Factual Background

The employer and the union had a collective bargaining relationship for more than 20 years. The parties commenced bargaining in 2016 and continued bargaining for 30 sessions over nearly two years. From the outset, the employer asserted that, in its view, there were many deficiencies in the expiring collective-bargaining agreement, and thus it sought to substantially alter many of the contract provisions.

The employer commenced negotiations by proposing an extremely broad management rights clause, where among other items, it could unilaterally change the employee health insurance, and the employer paired this management rights clause with a zipper clause, a no-strike proposal, and a proposal to eliminate binding arbitration and replace it with nonbinding mediation.

Through nearly two years, the employer maintained the same basic positions, though it solicited counterproposals from the union, made concessions in response to the union’s bargaining positions, never refused to bargain over any mandatory subject, and all the while calmly answered the union’s bellicose conduct by continuing to bargain.

The Board’s Initial Decision

In 2021, the Trump Board, after reviewing the employer’s proposals and the parties’ conduct at the bargaining table, held that the employer did not engage in bad-faith bargaining. The Trump Board found that the employer’s initial proposals did not evince an intent to frustrate reaching an agreement when they were not presented as final offers, and the employer always remained willing to move from its position and engage with the union. Accordingly, in considering the totality of the employer’s conduct—including its bargaining proposals, as well as its willingness to engage with the union and to modify and revise its proposals, and the union largely refusing to engage with the employer and largely declining to provide counterproposals—the Trump Board found that the employer did not engage in surface bargaining.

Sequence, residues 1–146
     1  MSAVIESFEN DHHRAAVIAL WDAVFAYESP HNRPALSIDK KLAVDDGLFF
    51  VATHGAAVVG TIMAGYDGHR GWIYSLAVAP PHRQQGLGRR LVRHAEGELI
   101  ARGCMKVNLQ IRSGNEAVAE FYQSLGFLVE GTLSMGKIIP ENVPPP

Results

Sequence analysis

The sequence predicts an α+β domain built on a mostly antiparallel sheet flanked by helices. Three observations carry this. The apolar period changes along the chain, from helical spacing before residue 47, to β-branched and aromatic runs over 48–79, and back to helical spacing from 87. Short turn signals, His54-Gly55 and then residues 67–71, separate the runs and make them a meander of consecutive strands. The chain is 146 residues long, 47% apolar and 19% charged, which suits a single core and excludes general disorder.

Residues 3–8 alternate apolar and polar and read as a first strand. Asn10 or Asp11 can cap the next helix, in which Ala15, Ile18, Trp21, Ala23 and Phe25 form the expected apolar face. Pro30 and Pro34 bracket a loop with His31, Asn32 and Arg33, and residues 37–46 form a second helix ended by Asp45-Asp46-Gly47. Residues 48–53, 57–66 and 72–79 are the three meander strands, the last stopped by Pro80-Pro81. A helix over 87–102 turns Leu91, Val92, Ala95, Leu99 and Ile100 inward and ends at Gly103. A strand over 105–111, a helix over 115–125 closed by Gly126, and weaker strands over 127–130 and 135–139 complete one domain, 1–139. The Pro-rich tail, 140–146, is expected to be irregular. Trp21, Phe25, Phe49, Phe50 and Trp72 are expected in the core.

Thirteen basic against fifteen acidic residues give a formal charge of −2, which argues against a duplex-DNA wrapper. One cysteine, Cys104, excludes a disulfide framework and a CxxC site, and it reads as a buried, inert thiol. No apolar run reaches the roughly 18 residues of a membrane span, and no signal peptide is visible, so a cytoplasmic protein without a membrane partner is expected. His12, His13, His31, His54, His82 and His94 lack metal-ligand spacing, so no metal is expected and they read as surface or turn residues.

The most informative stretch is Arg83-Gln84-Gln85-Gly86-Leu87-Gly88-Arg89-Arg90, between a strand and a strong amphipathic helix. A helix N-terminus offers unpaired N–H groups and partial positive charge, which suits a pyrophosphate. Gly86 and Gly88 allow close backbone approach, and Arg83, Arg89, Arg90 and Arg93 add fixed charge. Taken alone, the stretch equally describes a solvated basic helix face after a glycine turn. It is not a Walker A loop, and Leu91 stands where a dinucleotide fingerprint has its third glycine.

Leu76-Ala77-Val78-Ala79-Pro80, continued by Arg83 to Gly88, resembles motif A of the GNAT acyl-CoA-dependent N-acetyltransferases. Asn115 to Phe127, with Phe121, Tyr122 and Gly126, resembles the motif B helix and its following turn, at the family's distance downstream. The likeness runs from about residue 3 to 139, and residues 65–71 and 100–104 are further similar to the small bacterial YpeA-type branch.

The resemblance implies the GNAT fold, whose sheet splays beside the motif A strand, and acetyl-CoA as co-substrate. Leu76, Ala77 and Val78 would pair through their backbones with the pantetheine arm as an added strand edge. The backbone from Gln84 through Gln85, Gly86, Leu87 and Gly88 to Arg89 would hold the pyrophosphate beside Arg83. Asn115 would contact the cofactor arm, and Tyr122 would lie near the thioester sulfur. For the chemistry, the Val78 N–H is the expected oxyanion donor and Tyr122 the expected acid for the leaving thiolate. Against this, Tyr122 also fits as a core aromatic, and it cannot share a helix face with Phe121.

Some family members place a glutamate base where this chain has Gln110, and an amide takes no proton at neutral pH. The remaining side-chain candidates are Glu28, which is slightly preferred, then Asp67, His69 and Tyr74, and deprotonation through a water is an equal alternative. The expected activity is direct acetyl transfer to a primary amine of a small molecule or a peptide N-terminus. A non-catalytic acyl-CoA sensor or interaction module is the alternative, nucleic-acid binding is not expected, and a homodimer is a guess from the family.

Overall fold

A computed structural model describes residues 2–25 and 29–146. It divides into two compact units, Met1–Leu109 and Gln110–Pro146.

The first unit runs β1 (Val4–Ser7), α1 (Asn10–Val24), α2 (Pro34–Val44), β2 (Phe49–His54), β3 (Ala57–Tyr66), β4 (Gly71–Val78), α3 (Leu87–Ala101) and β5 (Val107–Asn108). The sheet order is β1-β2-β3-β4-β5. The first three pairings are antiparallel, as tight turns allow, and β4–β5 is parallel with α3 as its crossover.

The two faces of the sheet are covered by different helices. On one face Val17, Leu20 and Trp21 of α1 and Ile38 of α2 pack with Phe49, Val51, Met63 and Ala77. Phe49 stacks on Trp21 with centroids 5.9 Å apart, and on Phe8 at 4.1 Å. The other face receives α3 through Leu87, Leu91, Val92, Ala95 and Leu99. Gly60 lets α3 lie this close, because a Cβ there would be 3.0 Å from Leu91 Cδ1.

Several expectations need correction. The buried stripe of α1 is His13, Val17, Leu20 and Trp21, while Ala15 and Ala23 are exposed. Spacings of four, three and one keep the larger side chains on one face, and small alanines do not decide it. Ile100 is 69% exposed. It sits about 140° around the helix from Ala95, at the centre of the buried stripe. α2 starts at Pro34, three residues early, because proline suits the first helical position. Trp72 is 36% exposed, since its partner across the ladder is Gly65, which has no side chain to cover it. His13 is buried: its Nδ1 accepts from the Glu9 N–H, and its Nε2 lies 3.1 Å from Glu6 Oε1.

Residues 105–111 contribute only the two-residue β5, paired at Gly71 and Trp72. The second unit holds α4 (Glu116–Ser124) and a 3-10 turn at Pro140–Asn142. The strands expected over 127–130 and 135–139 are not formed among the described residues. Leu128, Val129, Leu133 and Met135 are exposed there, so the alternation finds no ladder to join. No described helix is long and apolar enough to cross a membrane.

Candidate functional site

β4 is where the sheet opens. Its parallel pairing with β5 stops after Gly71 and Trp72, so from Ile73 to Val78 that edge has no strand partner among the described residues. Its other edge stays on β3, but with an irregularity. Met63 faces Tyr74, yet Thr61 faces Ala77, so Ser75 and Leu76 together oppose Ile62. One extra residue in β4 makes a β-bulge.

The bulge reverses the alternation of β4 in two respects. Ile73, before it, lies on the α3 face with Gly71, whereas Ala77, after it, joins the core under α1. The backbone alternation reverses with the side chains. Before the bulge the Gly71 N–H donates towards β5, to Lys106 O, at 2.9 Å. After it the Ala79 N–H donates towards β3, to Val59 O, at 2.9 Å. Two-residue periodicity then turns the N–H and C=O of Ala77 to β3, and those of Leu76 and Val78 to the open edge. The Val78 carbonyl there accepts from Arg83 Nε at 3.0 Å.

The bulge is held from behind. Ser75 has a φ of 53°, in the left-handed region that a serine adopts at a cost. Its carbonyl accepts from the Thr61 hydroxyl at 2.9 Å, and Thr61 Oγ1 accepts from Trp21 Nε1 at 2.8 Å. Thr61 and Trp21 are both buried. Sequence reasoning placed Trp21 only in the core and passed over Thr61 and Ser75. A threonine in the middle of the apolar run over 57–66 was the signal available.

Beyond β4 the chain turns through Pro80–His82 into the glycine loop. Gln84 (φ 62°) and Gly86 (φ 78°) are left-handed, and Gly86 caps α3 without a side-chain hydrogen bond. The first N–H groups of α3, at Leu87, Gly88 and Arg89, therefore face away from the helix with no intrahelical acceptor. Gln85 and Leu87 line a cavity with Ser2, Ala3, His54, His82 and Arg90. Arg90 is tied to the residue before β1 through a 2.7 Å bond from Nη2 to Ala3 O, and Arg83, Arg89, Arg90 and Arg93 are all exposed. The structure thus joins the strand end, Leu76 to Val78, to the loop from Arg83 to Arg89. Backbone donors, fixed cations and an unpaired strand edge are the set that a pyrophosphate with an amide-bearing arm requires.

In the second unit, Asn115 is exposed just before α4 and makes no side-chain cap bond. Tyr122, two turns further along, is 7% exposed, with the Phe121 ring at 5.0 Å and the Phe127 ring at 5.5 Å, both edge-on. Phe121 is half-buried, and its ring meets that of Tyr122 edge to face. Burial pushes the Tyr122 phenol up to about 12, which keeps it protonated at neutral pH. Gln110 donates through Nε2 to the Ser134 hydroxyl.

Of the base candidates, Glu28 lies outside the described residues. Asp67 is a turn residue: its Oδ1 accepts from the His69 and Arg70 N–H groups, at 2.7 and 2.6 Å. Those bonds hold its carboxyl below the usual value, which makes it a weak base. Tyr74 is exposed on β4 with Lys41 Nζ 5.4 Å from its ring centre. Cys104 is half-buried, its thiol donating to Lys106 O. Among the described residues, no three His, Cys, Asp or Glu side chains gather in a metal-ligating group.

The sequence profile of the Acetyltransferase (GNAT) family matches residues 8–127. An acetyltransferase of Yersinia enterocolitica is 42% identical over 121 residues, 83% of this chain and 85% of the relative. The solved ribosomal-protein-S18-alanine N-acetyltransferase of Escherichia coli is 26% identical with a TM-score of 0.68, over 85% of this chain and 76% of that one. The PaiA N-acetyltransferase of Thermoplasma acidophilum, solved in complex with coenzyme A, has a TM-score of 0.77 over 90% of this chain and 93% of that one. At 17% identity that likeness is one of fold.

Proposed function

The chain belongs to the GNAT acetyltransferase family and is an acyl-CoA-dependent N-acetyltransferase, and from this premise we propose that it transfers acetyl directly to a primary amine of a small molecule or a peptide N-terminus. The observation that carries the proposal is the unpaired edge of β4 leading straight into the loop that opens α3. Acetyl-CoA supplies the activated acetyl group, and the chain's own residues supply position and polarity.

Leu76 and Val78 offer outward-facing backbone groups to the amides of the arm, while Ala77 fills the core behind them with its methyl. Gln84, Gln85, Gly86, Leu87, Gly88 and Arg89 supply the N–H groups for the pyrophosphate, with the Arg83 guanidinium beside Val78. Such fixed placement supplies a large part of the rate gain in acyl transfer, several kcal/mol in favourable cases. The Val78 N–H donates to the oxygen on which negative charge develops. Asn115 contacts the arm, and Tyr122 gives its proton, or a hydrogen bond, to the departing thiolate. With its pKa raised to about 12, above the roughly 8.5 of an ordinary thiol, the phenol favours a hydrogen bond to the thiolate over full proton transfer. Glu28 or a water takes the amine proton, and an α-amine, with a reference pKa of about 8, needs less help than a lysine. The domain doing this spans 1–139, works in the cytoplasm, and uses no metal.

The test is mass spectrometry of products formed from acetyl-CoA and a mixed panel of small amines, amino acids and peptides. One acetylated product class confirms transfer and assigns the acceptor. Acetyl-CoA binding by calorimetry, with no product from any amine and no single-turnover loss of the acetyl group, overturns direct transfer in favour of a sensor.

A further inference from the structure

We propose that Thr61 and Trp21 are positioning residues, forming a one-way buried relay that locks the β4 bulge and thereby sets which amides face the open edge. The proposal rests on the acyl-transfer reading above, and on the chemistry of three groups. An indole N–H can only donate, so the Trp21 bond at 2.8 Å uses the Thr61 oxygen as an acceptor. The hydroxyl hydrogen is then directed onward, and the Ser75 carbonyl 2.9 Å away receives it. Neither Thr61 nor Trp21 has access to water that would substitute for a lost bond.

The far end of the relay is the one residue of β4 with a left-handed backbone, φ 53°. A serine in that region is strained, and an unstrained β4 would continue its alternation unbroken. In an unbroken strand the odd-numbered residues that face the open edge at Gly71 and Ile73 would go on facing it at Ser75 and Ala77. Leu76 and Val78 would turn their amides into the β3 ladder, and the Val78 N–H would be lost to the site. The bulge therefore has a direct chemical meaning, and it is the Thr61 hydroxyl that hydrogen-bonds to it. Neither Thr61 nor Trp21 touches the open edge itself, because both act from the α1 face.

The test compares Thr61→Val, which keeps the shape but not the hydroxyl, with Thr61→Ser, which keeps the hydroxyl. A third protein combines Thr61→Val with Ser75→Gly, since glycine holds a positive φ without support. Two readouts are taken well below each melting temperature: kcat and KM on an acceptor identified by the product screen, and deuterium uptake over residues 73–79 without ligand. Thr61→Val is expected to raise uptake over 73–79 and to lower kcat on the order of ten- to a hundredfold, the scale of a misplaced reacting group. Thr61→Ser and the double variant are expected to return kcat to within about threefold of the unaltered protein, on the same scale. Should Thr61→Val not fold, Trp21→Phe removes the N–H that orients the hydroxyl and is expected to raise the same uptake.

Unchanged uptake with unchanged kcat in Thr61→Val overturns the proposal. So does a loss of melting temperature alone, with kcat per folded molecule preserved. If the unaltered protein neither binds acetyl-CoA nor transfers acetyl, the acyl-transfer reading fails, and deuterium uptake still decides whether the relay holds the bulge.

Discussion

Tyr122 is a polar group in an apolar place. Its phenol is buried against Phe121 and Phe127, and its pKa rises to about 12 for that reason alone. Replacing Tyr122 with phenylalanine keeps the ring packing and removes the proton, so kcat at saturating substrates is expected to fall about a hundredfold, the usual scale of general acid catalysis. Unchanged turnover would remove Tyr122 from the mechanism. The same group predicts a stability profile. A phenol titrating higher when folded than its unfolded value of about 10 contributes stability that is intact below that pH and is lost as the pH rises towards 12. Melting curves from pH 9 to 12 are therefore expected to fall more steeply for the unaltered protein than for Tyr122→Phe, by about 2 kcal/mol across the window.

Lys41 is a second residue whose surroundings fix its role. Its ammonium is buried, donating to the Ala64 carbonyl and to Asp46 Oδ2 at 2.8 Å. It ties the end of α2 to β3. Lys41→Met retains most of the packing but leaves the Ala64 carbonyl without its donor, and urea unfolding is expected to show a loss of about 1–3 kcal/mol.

The Trump Board’s decision was decided over the vigorous dissent of Chairman McFerran, the only Democrat-appointed Board member at that time. McFerran found that the totality of the employer’s conduct, as revealed in the combination of its proposals and adherence to those proposals, was designed to frustrate agreement and was therefore determinative evidence of “egregious” bad-faith bargaining.

The Board Vacates Its Initial Decision

The Trump Board’s decision did not last.[1] In 2023, the newly-comprised Biden Board, including Chairman McFerran, vacated its prior decision on the grounds that one of the Trump Board members who participated in the decision owned shares in a mutual fund that in turn owned shares in the parent company of the employer.